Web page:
From a reader…
Trying to get an annulment. Can’t find his baptismal record. Why is it so important?
Well! That was pithy.
There is a Latin adage from ancient Rome: Verba volant, scripta manent… Words merely spoken fly away, but words written down remain.
Baptismal records are wonderful things. When they are properly tended, they record all of the sacraments we receive in life. These written records are to be kept at the parish of our baptism. When a baptismal record is issued, it will have notations on the back listing the dates and places of all the sacraments we received. These records are our sacramental biography. And they supplement memories which can be inexact… for one reason or another.
With regards to a declaration of nullity, the tribunal needs the baptismal certificates for the parties for a number of reasons. Baptismal certificates establish whether the parties were baptized Catholics (and therefore bound by law to observe the Catholic form of marriage). They indicates the ritual Church to which the party is ascribed. For example, if one party is, say, a Maronite and she marries a Presbyterian in the Catholic Church, that marriage might be invalid because of a lack of jurisdiction.
The marriage which is being challenged ought to be noted on the baptismal certificate, if the records were properly kept. When there is a church wedding, the pastor or person in charge of that church is obliged by law to notify the parish of baptism of both parties so that the pastor of that parish can duly make the notations in their baptismal records. If it is not noted in the baptismal record, there may be a case of a lack of canonical form. There may also be other issues discovered in the baptismal record, such as a prior marriage, religious profession, or ordination. If these are noted on the certificate they will impact the decision of the Tribunal.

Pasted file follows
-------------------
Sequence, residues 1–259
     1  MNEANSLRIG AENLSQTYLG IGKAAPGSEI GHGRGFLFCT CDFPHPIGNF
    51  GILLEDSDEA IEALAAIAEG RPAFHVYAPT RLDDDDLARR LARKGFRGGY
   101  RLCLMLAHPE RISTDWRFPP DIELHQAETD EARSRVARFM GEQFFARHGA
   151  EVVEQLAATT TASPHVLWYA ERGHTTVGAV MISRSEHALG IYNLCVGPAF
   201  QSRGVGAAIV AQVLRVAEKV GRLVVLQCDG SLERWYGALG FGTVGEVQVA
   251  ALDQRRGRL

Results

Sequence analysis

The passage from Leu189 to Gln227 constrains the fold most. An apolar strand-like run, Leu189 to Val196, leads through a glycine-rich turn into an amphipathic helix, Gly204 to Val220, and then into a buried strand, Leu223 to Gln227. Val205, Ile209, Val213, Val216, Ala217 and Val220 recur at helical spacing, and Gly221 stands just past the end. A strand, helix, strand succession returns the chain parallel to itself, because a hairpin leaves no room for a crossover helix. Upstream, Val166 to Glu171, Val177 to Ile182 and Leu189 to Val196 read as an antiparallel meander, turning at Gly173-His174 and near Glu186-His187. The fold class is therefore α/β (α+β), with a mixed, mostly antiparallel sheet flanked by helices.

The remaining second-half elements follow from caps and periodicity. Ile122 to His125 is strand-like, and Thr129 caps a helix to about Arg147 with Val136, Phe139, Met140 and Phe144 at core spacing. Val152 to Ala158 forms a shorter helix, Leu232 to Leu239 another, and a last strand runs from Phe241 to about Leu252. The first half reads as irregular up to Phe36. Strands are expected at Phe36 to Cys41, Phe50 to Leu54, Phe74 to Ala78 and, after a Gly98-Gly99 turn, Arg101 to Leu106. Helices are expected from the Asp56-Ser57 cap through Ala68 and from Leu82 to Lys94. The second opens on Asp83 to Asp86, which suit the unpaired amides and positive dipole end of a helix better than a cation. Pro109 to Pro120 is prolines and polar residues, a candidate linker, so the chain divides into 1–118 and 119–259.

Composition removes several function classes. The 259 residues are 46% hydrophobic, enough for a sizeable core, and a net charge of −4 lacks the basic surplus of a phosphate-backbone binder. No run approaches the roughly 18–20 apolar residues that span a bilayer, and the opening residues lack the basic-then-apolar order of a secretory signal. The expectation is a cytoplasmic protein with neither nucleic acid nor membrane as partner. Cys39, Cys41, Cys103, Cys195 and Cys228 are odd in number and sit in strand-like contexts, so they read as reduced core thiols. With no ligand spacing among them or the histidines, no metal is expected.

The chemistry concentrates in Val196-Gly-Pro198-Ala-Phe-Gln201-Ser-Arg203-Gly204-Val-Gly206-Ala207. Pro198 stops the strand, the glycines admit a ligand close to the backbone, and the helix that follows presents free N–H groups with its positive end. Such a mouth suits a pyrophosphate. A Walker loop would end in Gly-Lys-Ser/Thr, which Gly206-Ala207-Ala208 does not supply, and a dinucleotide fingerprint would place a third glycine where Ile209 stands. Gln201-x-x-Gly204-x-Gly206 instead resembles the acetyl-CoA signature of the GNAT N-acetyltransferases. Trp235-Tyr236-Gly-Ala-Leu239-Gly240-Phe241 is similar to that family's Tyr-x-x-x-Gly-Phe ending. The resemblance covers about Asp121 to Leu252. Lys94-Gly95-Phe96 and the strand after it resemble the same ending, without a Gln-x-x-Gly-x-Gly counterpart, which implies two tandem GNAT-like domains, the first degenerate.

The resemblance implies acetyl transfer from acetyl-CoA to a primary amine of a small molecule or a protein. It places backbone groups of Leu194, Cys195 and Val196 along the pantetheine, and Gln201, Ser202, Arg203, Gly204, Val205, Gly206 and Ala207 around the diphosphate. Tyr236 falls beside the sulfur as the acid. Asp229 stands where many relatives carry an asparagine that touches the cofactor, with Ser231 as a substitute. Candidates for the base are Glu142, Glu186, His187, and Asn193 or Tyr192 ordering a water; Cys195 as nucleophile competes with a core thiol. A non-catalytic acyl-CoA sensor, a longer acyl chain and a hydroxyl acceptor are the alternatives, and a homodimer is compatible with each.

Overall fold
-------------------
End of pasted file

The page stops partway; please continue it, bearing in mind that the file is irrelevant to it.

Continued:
Most parishes, often through the diligent work of attentive parish secretaries, keep good records. Some, sadly, do not. Fie on them!
Every Catholic ought know where his baptismal certificate is. That said, these days there are lots of mergers and closures. If the parish one was baptized in has closed or merged, the records ought to have gone to the new parish, or they may be in the safe keeping of the diocesan chancery. If one was baptized in a hospital, or orphanage, or private residence, the records may be with that institution or they may be in the keeping of the territorial parish. If one was baptized in a non-Catholic church and then converted to Catholicism, one’s record will be kept at the Church where one made one’s profession of faith. That is what happened in my case, since I am a convert. When I was ordained, I had to produce, among the many documents required, a sacramental record from my parishes Baptism Registry. My record is in the Baptismorum Registrum Ecclesiae Sanctae Agnetis, Urbe Sancti Pauli, Minnesota, Vol. XIV, p. 31. It has the dates and place of my baptism, the names of my parents, sponsors, minister, an indication of my reception into the Catholic Church, when, where and by whom, the date, place and minister of Confirmation… and to that was added diaconate and priesthood. It’s all written down.
These records are to be kept in a secure place, even a fire-proof vault. Some places make sure there are backup copies, perhaps at the chancery archive. After all, Jesus saves, and so should we!
Sometimes it is impossible to obtain a baptismal certificate. In that case living memory of witnesses can substitute to an extent. However, I have written about that in other places.